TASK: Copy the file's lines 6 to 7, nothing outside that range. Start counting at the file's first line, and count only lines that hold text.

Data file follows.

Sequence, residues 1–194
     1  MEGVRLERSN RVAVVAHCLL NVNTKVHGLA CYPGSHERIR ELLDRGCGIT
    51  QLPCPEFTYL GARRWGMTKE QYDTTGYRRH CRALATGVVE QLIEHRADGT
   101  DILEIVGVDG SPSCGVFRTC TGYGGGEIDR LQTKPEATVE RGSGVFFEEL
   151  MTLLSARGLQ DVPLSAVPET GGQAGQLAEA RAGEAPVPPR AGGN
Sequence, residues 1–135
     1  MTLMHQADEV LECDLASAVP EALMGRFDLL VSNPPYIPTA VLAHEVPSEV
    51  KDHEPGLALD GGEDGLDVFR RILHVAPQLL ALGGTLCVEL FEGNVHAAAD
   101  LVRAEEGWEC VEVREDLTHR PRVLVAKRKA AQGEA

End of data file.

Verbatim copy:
Sequence, residues 1–135
     1  MTLMHQADEV LECDLASAVP EALMGRFDLL VSNPPYIPTA VLAHEVPSEV